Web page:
The Defense Department is ruining America: Big budgets, militarization and the real story behind our Asia pivot
“Our defense contractors await your business.” That was the message behind Obama and Carter’s visits to Asia
You have to tip the cap to Defense Secretary Carter. People in Washington spin things as a matter of course, as Ben Rhodes, President Obama’s deputy national security advisor, just explained in that New York Times profile considered in this space a few weeks ago. The spin is the thing. But never mind all that. Ashton Carter spins aircraft carriers, and right before your eyes.
There he was last month, a few weeks before Obama’s current swing through Asia, on the flight deck of the John C. Stennis as it passed through a narrow strait in the South China Sea hard by the People’s Republic’s territorial waters, pronouncing in the somber tones these people favor that China is militarizing the western Pacific. TheStennis, you need to know, is a nuclear-powered supercarrier that forward-deploys for indefinite periods with a strike group of escort vessels attending it. It travels with eight squadrons of attack craft on its deck—25 to 30 fighter jets.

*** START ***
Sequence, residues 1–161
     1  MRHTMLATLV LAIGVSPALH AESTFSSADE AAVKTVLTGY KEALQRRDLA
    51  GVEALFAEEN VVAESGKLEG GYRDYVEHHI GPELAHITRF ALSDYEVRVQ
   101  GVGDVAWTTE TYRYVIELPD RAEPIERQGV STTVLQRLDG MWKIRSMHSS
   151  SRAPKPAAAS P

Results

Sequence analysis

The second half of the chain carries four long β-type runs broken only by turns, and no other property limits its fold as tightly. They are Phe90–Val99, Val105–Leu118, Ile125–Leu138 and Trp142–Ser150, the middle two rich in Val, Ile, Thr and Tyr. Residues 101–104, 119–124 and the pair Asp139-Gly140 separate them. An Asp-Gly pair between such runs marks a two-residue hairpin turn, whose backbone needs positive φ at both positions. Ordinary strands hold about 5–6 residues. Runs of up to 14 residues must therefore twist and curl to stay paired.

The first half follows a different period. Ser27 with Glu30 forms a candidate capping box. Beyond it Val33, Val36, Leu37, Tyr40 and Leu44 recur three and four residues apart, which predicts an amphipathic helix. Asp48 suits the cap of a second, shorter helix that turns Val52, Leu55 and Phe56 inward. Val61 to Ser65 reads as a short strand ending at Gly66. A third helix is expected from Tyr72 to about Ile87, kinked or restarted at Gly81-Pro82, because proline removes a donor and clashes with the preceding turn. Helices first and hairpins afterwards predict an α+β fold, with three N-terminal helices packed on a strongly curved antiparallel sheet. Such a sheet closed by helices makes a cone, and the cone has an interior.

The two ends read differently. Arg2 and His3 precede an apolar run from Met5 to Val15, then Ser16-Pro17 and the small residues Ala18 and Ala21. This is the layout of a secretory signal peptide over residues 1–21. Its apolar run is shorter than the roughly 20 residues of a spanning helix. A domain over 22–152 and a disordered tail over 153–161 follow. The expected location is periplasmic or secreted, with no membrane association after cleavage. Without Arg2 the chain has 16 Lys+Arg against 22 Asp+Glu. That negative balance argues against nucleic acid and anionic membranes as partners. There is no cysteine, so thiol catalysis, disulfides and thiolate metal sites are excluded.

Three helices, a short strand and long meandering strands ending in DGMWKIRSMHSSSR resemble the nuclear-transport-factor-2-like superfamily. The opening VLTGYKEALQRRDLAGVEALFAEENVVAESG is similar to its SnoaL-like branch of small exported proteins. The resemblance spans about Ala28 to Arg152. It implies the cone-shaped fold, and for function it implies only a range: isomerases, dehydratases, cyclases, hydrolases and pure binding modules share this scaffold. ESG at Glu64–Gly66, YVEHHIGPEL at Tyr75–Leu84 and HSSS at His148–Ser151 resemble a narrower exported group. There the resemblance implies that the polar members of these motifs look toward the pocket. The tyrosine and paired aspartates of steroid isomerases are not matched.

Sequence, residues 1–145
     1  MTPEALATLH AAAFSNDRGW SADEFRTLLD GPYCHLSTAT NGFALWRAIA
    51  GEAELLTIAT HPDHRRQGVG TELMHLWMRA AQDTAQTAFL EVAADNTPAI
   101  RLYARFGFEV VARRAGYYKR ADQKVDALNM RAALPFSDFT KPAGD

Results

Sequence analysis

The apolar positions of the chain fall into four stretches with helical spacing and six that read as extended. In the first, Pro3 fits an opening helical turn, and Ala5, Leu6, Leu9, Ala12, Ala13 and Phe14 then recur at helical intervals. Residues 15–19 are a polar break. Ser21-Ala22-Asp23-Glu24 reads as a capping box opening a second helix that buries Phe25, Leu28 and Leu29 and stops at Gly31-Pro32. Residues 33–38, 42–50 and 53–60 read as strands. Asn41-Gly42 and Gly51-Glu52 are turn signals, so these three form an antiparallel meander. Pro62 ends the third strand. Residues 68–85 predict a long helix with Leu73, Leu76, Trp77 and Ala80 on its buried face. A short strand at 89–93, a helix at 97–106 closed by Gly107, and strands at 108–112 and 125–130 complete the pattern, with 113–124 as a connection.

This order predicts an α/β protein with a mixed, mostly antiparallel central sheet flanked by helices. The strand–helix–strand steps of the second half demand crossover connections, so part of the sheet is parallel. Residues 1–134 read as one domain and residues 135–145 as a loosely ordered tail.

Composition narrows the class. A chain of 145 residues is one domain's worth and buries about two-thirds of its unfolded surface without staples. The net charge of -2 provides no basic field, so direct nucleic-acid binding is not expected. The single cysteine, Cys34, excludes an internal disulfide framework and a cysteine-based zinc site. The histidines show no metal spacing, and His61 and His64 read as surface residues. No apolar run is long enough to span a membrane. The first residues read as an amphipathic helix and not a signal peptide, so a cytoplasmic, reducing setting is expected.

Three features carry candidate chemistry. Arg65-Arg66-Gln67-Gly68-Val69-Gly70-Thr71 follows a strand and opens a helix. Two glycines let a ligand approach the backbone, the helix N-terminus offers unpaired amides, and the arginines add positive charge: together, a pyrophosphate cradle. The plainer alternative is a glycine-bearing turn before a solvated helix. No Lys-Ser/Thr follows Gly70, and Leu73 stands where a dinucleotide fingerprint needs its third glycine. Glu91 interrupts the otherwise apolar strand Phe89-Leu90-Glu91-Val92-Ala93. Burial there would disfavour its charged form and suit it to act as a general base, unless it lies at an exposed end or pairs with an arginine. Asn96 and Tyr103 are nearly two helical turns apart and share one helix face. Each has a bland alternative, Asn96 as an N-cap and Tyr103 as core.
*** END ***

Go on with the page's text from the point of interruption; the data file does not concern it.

Think about that for a sec. For my money Carter gave us one of the quintessential moments of the Obama presidency with that brief tableau. Then think about this:
A week before this occasion Carter attended 10 days of joint military drills in the Philippines—the first time a Sec Def has done so in the decades these things have been held. A week after it, our Ash sent half a dozen A-10 Thunderbolts, heavily armed jets designed to support ground troops, to buzz the Scarborough Shoal, which is among the disputed land formations in the South China Sea over which Beijing and other Asian nations claim sovereignty.